LA Times Names ESPN's Kevin Merida as Top Editor
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The Los Angeles Times has named Kevin Merida, the editor of ESPN’s The Undefeated, as its next top editor.
“I’m thrilled to be joining the Los Angeles Times. I’m going to do everything I can to make this the greatest media outlet for the people of California, of L.A. — and beyond. I see nothing but opportunity. I think this can be the most innovative media company in the country,” said Merida in an announcement from the company.
According to a press release, he will relocate from Washington, D.C. to Los Angeles and begin his new role in June.
“We are elated to welcome Kevin to the Los Angeles Times,” Times’ owners Patrick and Michele Soon-Shiong said in their own statement. “Kevin possesses a clear understanding of the rigor necessary for independent journalism and how to translate that journalism to multiple platforms. He also shares our passion for the unique opportunity we have to build the L.A. Times into a media enterprise with a distinct West Coast point of view.”
Before joining ESPN in 2015 as a senior vice president and the editor of The Undefeated, Merida spent 22 years at The Washington Post, where he began as a congressional correspondent and eventually became the paper’s managing editor for news and features. As managing editor, Merida helped lead the Post’s digital transformation and oversaw sections like National, Foreign, Metro, Business, Sports, Investigations, Style, Travel, Food and the Post’s magazine.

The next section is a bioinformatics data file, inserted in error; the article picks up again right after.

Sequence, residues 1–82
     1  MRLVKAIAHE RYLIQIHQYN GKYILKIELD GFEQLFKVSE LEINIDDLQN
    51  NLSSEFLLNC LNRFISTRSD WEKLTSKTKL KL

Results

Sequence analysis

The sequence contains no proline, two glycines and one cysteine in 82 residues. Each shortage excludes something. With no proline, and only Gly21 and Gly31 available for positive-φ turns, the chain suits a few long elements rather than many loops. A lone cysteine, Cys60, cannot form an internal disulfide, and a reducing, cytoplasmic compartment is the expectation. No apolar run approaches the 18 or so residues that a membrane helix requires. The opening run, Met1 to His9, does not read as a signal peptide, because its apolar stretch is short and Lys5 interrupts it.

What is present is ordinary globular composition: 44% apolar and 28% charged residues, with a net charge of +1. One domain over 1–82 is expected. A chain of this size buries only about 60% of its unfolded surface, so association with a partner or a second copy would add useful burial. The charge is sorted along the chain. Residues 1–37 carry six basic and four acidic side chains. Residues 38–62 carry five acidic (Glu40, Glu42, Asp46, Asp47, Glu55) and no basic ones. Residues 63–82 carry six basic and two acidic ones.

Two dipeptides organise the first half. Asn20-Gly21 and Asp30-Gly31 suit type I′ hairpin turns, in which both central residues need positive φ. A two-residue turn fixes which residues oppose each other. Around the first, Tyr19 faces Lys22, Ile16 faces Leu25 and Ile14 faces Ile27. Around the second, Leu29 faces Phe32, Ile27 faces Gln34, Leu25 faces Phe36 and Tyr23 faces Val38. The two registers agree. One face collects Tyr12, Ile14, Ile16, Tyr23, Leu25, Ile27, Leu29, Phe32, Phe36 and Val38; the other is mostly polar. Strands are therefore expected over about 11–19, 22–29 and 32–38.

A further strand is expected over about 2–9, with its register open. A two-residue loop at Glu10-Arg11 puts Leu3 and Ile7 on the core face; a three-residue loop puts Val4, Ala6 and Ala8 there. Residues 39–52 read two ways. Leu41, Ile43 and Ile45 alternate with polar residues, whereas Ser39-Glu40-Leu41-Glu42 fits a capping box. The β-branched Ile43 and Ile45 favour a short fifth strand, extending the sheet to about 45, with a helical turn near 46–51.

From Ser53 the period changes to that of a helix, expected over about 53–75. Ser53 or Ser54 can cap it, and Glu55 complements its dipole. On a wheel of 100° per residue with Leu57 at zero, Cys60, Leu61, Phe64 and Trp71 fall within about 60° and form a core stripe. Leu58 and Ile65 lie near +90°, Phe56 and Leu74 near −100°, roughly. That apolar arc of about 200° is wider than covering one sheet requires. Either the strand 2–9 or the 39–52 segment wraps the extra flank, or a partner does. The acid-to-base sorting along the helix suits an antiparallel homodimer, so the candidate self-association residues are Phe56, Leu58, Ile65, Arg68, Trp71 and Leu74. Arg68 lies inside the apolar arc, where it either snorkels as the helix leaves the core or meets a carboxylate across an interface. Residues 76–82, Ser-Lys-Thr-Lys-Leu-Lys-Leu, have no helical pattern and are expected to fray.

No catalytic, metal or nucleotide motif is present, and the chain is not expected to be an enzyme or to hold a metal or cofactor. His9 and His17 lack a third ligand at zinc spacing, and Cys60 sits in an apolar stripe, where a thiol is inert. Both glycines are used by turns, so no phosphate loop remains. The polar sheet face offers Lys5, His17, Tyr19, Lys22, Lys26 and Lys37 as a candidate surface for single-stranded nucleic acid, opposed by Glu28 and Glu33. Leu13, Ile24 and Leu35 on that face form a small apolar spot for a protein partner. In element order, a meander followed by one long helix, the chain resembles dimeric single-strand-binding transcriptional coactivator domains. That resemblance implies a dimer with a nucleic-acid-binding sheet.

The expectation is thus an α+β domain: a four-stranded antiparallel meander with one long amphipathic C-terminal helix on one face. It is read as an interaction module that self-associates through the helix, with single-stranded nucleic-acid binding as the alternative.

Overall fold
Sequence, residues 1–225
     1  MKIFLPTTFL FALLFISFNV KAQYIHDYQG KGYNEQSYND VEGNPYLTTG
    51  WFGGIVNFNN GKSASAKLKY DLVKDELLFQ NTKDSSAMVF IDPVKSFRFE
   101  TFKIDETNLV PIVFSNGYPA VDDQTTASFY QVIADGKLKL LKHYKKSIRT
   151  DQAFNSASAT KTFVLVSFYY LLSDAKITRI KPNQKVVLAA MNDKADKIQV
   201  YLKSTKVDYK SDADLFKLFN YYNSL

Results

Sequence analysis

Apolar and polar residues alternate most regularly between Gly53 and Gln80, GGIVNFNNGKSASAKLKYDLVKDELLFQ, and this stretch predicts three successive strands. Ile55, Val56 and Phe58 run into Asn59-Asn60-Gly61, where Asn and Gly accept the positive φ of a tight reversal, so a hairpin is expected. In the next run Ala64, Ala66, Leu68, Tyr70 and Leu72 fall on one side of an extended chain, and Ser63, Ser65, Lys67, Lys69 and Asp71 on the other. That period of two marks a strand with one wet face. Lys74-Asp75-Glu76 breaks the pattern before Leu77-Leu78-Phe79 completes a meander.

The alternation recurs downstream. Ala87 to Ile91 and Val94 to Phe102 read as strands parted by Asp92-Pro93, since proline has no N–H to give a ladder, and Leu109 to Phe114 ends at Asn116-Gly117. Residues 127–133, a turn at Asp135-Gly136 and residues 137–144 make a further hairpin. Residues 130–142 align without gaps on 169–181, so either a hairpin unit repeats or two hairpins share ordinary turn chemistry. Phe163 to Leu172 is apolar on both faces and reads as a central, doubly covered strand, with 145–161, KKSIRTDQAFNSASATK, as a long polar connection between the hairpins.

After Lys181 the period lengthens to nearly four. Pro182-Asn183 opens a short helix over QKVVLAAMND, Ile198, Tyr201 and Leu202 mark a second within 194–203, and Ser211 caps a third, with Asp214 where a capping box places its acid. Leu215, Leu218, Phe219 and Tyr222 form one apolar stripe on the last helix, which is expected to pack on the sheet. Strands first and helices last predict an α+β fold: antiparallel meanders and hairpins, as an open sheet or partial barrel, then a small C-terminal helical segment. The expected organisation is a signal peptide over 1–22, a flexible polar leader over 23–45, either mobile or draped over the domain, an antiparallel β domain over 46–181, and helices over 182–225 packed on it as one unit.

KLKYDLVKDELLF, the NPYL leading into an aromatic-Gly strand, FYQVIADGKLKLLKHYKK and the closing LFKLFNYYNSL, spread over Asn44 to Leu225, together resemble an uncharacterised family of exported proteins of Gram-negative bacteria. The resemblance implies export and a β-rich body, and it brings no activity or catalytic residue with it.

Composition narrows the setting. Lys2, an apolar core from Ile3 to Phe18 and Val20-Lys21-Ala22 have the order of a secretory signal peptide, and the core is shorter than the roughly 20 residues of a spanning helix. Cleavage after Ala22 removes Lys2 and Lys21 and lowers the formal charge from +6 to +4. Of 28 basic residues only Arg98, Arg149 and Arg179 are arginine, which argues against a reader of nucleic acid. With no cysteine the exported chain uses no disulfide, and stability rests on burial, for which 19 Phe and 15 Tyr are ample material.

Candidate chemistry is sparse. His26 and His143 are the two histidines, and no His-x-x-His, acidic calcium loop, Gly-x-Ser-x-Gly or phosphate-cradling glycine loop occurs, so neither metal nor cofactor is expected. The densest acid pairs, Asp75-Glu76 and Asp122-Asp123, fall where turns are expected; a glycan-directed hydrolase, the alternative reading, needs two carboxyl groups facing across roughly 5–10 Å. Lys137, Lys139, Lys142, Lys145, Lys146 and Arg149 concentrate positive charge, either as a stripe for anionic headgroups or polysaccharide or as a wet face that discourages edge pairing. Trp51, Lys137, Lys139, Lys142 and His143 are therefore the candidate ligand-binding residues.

In February, when TheWrap previously reported that Merida was the leading contender for the executive editor position, newsroom advocates for Merida pointed to the breadth of his editorial experience, his combination of print and digital chops and his reputation and affinity for Los Angeles. (Merida also has two children who live in Los Angeles and work in entertainment.)
The search for a top editor began in December when former executive editor Norman Pearlstine stepped down after a tumultuous tenure that included accusations of verbal abuse and ethical impropriety. Newsroom staff had also signaled to Times ownership that they had lost faith in Pearlstine and masthead editors, telling Times owner Patrick Soon-Shiong in a letter last February that the masthead leadership team was “problematic and disappointing” and not “qualified to take The Times to the next level.”
Leading the Times, Merida will be tasked with pushing forward with the paper’s digital transformation as it focuses on boosting its lackluster digital subscription numbers, which have faltered over the past year due to subscriber churn, amid a recent $50 million drop in revenue.
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